• 102 RAF Fighter Sector Sub-Section
      • 103 RAF Fighter Sector Sub-Section
      • 329 AA Gun Operations Room (Class 'B') Mixed Signal Section
      • 37 AA Brigade Signal Office Mixed Sub-Section
      • 309 AA Gun Operations Room (Class 'B') Mixed Signal Section
      • 15 AA Line Maintenance Section
    • HQ No 2 Company:
      • 328 AA Gun Operations Room (Class 'B') Mixed Signal Section
      • 28 AA Brigade Signal Office Mixed Sub-Section
      • 56 AA Brigade Signal Office Mixed Sub-Section
      • 101 RAF Fighter Sector Sub-Section
      • 310 AA Gun Operations Room (Class 'B') Mixed Signal Section
      • 71 AA Brigade Signal Office Mixed Sub-Section
      • 16 AA Line Maintenance Section

When AA Command was reorganised in October 1942 the two divisions became 1 AA Group and 2 AA Group, with the signals units renamed 1st and 2nd AA Group (Mixed) Signals. The two groups operated alongside No. 11 Group RAF and taking a leading role in defence against V-1 flying bombs (Operation Diver) in 1944–45.[3][6][12]

Postwar[edit]

On the re-establishment of the TA in 1947, 1 and 2 AA Group Signals re-merged and were numbered 11 AA (Mixed) Signal Regiment, 'Mixed' now indicating that members of the Women's Royal Army Corps (successors to the ATS) were integrated into the unit. The new unit was based at Kensington.[3][6][13] The unit was retained when AA Command was disbanded in 1955, becoming Eastern Command Mixed Signal Regiment, the East Anglian District Signal Regiment of the Army Emergency Reserve (AER). Eastern Command Signal Regiment was numbered 83 Signal Regiment in 1959.[3][6]

Meanwhile, elements of 11 AA Signal Rgt joined the disbanding 259 (Home Counties) (Cinque Ports) Heavy Anti-Aircraft Regiment, Royal Artillery to form Home Counties District (Mixed) Signal Regiment with HQ at Shorncliffe. This became 62 (Mixed) Signal Regiment (Cinque Ports), and merged with 44th (Home Counties) Divisional Signal Regiment in 1961.[14][15]

The size of the TA was reduced in 1967, when 83 Signal Regiment (AER) became 83 Signal Squadron (Volunteers) and later 83 Support Squadron in 31 (City of London) Signal Regiment, which was disbanded in 2010.[3][6][16][17]

In 2010, 83 Support Sqn was renamed 47 Signal Troop, (recognising the former 47th (2nd London) Division) and became part of 71 (City of London Yeomanry) Signal Regiment. The Troop is based in Uxbridge and Southfields.[18][19]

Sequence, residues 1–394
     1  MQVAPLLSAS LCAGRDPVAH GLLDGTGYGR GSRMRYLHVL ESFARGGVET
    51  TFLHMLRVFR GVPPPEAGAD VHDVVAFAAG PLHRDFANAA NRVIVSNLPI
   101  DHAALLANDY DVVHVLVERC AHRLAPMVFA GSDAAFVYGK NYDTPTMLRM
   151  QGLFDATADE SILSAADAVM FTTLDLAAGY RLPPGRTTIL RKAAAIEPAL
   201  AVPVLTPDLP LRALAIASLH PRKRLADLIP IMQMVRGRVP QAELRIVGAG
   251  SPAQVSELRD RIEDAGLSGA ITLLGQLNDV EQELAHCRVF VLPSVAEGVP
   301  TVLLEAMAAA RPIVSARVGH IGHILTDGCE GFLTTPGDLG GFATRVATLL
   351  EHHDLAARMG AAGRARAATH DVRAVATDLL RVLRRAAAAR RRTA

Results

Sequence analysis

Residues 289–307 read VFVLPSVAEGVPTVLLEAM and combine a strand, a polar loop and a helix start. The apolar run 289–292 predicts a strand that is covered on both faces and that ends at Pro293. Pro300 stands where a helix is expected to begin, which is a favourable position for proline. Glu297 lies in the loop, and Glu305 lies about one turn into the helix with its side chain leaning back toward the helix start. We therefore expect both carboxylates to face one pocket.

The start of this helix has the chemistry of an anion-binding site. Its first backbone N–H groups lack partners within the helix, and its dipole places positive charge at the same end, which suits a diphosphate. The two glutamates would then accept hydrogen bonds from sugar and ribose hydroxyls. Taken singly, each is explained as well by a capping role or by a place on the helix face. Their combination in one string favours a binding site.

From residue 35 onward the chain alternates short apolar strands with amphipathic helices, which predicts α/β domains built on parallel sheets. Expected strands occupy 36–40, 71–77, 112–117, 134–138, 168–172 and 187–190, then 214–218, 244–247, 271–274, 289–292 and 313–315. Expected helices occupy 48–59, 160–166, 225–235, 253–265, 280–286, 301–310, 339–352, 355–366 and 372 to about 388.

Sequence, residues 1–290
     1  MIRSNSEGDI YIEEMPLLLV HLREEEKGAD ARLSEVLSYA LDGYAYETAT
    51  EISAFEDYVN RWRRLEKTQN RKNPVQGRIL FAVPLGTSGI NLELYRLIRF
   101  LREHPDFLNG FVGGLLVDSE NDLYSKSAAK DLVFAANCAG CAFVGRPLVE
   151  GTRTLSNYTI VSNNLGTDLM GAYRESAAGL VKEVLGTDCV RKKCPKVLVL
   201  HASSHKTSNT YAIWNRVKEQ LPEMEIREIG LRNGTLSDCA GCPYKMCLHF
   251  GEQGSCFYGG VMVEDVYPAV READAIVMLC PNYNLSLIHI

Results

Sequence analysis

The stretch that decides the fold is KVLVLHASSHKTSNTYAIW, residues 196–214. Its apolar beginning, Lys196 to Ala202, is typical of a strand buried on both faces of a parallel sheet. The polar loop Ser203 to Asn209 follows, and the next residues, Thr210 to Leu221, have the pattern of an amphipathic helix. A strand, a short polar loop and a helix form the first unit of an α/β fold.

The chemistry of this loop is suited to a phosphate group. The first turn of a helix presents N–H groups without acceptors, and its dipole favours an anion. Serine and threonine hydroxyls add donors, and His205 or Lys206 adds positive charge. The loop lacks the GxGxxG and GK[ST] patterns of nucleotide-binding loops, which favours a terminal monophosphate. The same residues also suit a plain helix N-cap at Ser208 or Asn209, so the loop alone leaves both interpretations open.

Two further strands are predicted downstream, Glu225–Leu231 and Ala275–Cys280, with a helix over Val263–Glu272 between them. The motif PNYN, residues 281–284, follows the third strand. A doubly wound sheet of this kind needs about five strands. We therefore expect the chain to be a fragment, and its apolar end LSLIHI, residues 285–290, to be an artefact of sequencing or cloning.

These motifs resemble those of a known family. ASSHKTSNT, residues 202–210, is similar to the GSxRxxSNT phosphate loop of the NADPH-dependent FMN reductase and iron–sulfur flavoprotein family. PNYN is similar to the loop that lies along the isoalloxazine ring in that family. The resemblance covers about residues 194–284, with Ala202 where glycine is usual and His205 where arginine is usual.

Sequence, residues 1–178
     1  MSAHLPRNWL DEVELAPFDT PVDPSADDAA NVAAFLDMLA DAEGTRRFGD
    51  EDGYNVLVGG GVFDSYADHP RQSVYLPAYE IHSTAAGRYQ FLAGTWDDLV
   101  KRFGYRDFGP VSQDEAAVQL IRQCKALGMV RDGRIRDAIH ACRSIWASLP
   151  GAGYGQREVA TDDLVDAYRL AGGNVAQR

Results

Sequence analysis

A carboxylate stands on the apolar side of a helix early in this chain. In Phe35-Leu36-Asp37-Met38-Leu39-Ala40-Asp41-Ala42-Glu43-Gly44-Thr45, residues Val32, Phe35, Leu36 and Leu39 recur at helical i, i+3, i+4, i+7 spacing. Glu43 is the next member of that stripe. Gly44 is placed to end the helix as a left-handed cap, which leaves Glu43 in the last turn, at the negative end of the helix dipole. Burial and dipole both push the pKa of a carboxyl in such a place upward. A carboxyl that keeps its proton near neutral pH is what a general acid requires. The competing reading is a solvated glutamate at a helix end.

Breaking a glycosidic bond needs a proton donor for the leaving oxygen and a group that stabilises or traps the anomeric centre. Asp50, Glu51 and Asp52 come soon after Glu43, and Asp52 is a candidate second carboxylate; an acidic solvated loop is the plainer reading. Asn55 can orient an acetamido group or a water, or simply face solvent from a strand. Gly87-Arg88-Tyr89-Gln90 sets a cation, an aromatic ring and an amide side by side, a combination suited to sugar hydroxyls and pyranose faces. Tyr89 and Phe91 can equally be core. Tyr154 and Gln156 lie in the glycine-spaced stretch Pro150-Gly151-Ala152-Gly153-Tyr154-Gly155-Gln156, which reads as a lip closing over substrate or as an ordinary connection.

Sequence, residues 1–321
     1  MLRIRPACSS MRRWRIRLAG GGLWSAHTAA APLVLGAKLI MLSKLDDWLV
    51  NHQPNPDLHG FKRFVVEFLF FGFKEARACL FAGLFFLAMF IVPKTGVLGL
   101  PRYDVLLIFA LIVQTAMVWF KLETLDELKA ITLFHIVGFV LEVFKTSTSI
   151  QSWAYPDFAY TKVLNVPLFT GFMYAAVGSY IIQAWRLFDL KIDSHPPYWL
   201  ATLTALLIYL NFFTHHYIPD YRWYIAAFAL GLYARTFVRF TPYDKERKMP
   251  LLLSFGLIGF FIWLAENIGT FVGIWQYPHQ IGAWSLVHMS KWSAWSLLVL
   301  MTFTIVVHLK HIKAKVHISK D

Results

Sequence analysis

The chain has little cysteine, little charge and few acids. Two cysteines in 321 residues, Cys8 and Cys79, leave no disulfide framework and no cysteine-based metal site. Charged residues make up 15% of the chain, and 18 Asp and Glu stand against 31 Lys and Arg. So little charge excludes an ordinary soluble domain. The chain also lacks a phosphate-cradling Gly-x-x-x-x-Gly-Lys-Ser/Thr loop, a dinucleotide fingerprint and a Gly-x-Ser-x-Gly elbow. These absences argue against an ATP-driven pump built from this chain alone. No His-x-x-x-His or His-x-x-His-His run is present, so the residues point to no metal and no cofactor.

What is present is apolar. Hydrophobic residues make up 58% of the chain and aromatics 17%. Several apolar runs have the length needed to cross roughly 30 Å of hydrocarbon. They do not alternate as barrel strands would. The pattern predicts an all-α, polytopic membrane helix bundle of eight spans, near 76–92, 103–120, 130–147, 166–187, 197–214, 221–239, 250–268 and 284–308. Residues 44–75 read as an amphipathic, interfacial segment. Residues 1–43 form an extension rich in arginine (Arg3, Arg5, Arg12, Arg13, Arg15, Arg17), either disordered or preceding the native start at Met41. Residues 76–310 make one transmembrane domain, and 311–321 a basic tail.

Honorary Colonel[edit]

The first Honorary Colonel of London District Signals was Col A. Bain, TD, MICE, MIEE, appointed on 14 July 1912.[4]

Notes[edit]

  1. ^ London Gazette, 20 March 1908.
  2. ^ London Gazette, 14 October 1910.
  3. ^ a b c d e f g h i Lord & Watson, p. 184.
  4. ^ a b Army List, August 1914.
  5. ^ London Cable Signal Company at Great War Forum
  6. ^ a b c d e f g h i Nalder pp. 618–9.
  7. ^ Becke, pp. 185–91.
  8. ^ Titles and Designations.
  9. ^ 1 AA Division 1936–38 at British Military History.
  10. ^ 6 AA Division 1939 at British Military History.
  11. ^ Order of Battle of Non-Field Force Units in the United Kingdom, Part 27: AA Command, 14 May 1942, The National Archives (TNA), Kew, file WO 212/81.
  12. ^ AA Command 1940 at British Military History.
  13. ^ Watson, TA 1947
  14. ^ Lord & Watson, pp. 152-4.
  15. ^ Nalder, p. 598.
  16. ^ 83 (London) Signal Sqn at Air Formation Signals
  17. ^ 31 Signal Rgt at British Army website Archived January 14, 2009, at the Wayback Machine.
  18. ^ 83 Support Sqn at British Army website
  19. ^ 71 Yeomanry Signal Rgt at British Army website

References[edit]

  • Maj A.F. Becke,History of the Great War: Order of Battle of Divisions, Part 4: The Army Council, GHQs, Armies, and Corps 1914–1918, London: HM Stationery Office, 1944/Uckfield: Naval & Military Press, 2007, ISBN 1-84734-743-6.
  • Cliff Lord & Graham Watson, Royal Corps of Signals: Unit Histories of the Corps (1920–2001) and its Antecedents, Solihull: Helion, 2003, ISBN 1-874622-92-2.
  • Maj-Gen R.F.H Nalder, The Royal Corps of Signals: A History of its Antecedents and Developments (Circa 1800–1955), London: Royal Signals Institution, 1958.
  • Titles and Designations of Formations and Units of the Territorial Army, London: War Office, 7 November 1927.

Online sources[edit]